Sunday, May 14, 2000

Grads take giant step




By Phillip Pina
The Cincinnati Enquirer

        College seniors throughout the Tristate completed one journey with smiles, hugs and diplomas Saturday. They then set out on a new one.

[photo] REBECCA BRATTAIN RECEIVED HER XAVIER U. DIPLOMA AT FIRSTAR CENTER.
(Tony Jones photo)
| ZOOM |
        Camera flashes lighted the Firstar Center downtown, as the nearly 1,000 graduates taking part in Xavier University's commencement filed into the arena Saturday morning. It was a day for graduates and families to be proud, said the Rev. James Hoff, Xavier president.

        Overall, 986 undergraduates and 895 graduate students received degrees this year at Xavier.

        The scene was repeated hours later by family and friends of Northern Kentucky University graduates in the same arena. And it was repeated Saturday on the campuses of Thomas More College in Crestview Hills and the College of Mount St. Joseph in Delhi Township.

        Students were honored, congratulated and reminded that graduation was only the beginning of their future.

        “We find that our journey at Xavier has made us a new person,” said Marie E. Gasper, the valedictorian. The Omaha, Neb., native graduated with bachelor's degrees in French and theology.

        Members of the Class of 2000 are travelers, Ms. Gasper said. Their journey has taken them down new paths. They have overcome obstacles because they remained focused.

        They now go out to start careers and families.

        Ohio Senate President Richard Finan, Xavier's commencement speaker, cautioned graduates to remember what is important and what they have learned.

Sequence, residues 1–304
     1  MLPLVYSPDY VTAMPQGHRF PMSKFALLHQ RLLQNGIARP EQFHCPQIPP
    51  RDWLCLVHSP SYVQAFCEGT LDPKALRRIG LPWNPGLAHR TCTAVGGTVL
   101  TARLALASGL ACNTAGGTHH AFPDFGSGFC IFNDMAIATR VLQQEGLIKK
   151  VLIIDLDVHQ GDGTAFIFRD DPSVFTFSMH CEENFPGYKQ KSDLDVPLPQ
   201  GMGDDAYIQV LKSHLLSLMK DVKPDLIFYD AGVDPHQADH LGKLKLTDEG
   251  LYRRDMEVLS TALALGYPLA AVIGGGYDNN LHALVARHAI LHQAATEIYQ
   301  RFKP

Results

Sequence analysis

“Your kid's soccer time is more important than your tee time,” he said.

        If they thought the time of being constantly graded was over with graduation, they had better think again, Mr. Finan said.

        At work, among friends and throughout society, “you are constantly going to be measured in what you do every day,” he said.

        At Mount St. Joseph, Neil Armstrong, the first man to walk on the moon, told students to put the day into context.

        “There are two choices available. You can be reminded of all that has been accomplished by those who have gone before you and what a great springboard that provides for your success. Or you can be reminded of all that has not been accomplished, which gives you enormous opportunities, challenges and responsibilities.”

        Mr. Armstrong, of Wapakoneta, Ohio, didn't mention his 1969 moonwalk to the 2,000 in attendance. (The school awarded degrees to 386 undergraduates.)

        Mr. Armstrong received an honorary doctor of humane letters degree in the morning ceremonies.

        “You'll be fine,” said her uncle, Bruce Kramer, also of Michigan. “This is the most important day of your life.”

        The school graduated 373 students Saturday.

        Graduates at Miami University received degrees May 7. The University of Cincinnati will hold its commencement June 9.

        Enquirer reporter Patrick Crowley contributed.



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